As cameras go, the one attached to the iPhone isn't bad - it has autofocus, something that many cellphone cameras don't have, and it can record video. And it's often said that the best camera is the one you have on you - because you're more likely to have your phone with you than even the smallest camera, you'll end up taking "right place, right time" shots you wouldn't get otherwise. But the camera is by no means perfect, or even great. Even the cheapest digital cameras have flashes and zoom capabilities, for example.
Free camera application for iPhone by Joby/AppTight
Some problems are inherent to the iPhone hardware, but some are just software issues - why can't Apple's camera app do something as simple as superimpose a grid on the display, for example? Gorillacam adds the features you thought were missing from the iPhone camera, and then some. For starters, Gorillacam can show you a grid - a welcome addition for followers of the rule of thirds. It's also got a bubble level to help you make sure your horizons are level. Two burst-mode options are available for taking multiple shots over time, and there's a self-timer function for self-portraits and group shots.
There's even an anti-shake option, though it doesn't actually compensate for shaky hands; it just waits until the iPhone is completely steady before it takes a shot, which is most useful for tripod use. Unsurprising, considering the application was commissioned by a company that sells iPhone tripods. But because it is part branding initiative, it's also free to download. With all the features it packs in compared to its competitors, that makes Gorillacam a great bargain.
Free newspaper-style reading application for Web-based, Windows/Mac/Linux (via Adobe AIR) by Anirudh Sasikumar
It seems like it doesn't matter who you are-student or CEO, clerical worker or politician, if you've used a computer to write a report, make a chart or build a slideshow, you've used Microsoft Office. Considering the productivity suite's use in so many industries for so many purposes, it's no surprise that the three core Office applications are now extremely complex beasts. The basic functionality at the heart of each is simple enough for new users to grasp, but there are entire layers of features that most users never touch-nor would they be able to figure out how they work without substantial assistance.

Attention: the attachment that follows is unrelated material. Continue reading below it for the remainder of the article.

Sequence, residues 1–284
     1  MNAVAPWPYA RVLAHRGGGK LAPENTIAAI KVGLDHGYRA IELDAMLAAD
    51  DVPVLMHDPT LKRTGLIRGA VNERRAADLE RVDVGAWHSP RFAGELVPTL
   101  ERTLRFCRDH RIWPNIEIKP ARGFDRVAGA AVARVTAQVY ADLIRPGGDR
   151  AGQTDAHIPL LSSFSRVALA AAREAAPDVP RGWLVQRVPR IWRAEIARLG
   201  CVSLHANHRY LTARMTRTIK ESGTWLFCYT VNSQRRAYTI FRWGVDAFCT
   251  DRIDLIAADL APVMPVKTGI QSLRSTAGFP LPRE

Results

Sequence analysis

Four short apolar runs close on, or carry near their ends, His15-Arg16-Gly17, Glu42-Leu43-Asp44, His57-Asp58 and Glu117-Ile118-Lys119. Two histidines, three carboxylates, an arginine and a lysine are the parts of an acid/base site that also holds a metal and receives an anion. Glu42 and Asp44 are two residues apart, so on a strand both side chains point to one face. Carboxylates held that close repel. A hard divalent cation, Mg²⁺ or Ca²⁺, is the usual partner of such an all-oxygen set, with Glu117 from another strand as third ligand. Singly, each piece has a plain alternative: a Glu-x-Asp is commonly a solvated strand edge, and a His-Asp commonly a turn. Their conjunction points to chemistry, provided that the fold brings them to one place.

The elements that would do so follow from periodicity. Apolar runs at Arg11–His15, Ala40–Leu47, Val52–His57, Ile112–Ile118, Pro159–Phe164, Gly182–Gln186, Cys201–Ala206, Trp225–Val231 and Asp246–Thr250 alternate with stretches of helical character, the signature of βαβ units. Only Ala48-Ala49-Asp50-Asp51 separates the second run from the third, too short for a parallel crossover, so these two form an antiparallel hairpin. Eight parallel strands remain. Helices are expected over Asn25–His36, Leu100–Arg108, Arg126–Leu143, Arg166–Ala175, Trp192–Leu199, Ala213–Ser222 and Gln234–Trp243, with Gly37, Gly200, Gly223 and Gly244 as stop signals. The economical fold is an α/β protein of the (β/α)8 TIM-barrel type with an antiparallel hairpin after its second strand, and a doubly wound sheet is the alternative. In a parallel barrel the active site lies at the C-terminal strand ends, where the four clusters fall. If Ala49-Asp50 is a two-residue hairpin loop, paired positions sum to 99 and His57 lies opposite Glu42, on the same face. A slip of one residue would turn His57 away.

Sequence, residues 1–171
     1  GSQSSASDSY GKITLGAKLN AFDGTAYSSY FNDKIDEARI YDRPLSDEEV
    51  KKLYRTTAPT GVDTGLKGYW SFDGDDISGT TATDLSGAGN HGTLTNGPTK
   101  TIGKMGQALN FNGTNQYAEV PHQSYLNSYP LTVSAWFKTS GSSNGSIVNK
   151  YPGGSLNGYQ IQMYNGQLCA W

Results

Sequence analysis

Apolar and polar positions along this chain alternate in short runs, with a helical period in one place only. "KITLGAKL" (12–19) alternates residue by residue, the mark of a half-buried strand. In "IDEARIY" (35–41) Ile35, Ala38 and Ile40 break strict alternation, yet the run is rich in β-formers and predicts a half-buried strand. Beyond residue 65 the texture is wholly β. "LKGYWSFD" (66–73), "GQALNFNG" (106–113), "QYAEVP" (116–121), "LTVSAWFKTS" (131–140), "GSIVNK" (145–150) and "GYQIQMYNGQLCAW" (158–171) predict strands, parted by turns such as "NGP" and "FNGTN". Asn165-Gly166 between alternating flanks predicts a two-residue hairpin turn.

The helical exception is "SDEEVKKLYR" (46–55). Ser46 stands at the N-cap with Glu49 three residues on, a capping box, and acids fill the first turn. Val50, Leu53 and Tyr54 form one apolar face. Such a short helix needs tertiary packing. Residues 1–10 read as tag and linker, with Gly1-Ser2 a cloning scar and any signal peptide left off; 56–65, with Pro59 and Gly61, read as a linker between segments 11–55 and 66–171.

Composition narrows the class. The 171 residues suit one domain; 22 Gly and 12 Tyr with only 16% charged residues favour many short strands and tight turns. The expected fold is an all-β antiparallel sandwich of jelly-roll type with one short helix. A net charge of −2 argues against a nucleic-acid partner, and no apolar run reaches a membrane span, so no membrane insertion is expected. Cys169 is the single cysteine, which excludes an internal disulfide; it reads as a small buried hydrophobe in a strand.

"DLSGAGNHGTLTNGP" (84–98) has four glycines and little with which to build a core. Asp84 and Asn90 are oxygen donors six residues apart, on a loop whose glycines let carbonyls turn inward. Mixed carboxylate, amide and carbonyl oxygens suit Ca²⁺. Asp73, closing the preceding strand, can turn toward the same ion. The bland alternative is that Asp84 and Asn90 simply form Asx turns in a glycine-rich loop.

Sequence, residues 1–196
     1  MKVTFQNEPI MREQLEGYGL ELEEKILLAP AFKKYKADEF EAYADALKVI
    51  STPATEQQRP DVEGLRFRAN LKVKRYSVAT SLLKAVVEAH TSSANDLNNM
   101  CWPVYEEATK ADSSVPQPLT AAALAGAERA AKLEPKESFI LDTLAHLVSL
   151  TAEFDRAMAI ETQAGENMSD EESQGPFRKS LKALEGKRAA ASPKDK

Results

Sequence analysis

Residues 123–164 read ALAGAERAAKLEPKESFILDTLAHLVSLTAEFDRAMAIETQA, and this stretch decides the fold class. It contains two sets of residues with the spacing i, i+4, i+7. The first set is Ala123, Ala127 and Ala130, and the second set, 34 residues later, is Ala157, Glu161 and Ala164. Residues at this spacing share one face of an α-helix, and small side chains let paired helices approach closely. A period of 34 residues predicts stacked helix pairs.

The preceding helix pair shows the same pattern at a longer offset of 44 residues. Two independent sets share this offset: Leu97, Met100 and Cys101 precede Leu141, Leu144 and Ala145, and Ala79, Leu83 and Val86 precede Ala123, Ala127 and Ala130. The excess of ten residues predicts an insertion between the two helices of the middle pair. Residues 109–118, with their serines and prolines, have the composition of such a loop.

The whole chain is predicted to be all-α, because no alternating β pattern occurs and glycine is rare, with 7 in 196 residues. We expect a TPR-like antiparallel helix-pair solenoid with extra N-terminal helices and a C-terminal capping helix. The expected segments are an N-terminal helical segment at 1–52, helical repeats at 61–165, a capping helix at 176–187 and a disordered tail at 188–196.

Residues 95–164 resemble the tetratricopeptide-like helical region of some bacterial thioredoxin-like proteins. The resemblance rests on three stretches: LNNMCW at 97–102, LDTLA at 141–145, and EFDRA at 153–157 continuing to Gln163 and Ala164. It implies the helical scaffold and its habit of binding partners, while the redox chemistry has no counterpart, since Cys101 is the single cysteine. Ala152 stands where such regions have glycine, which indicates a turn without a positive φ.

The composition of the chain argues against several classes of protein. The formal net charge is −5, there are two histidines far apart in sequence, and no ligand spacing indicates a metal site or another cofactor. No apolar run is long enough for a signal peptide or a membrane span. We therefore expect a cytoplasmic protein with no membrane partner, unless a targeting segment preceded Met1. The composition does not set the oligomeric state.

Traditionally, that assistance came in the form of lengthy help files or manuals. But not everyone learns well by reading instructions, and even fewer find it an interesting or-heaven forbid-entertaining. That's the problem Microsoft's Office Labs hopes to solve with Ribbon Hero. Instead of presenting users with pages of help text, Ribbon Hero keeps track of a user's ability by scoring them based on what features they've used. And that's not just a metaphor; various actions in Word, Excel and Powerpoint have point values, and you can see your point total in the Home tab in the Office ribbon bar.
Ribbon Hero also offers challenges that teach you about more advanced features. These, too, have game-like qualities to them; in addition to awarding you a star for completing the challenge, there are extra objectives like completing a challenge without hints or in the fewest actions possible. Just as reading manuals isn't for everyone, neither is Ribbon Hero-it might seem too much like playtime for a work environment. But if you enjoy playing video games to earn achievements and high scores, then Ribbon Hero should be right up your alley.
Newspaper-style reading application Web-based, Windows/Mac/Linux (via Adobe AIR) by Anirudh Sasikumar
Designers of many stripes know that it's incredibly hard to read really long lines of text. Try it yourself, if you've got a wide screen: copy and paste a newspaper article into Notepad and maximize the window. Then try reading the same article in a narrower screen. This conventional wisdom has long held sway in print design, which is why newspapers and magazines layout text in long, narrow columns. But largely because of technical limitations and the nature of the medium, narrow columns have never been in vogue when it comes to websites.
The International Herald Tribune website experimented with displaying articles in multi-column layouts once, near the beginning of the decade. Readefine is a revival of the multi-column display, but this time it displays content from all over the web. Any RSS feed, website or text file can be sucked into Readefine and reflowed into narrow columns so that it looks and reads like a newspaper page. If loading articles from an RSS feed or from Google Reader, additional items in the feed display across the top and left side of the page, also much like a newspaper would.
Designed to make the web more elegant and easier to read, Readefine has several options to make text easier on the eyes-font size and line height are easily adjustable, as are page layout settings like column width and paragraph spacing. Despite the customizability, Readefine occasionally exposes the limitations of imposing a print layout on web material-images in particular don't play nice with the columns, though there is a webcomic mode that kills the columns entirely but leaves the text settings intact. But there is still merit to reading text in narrow columns, and Readefine is the easiest way to do it on the web.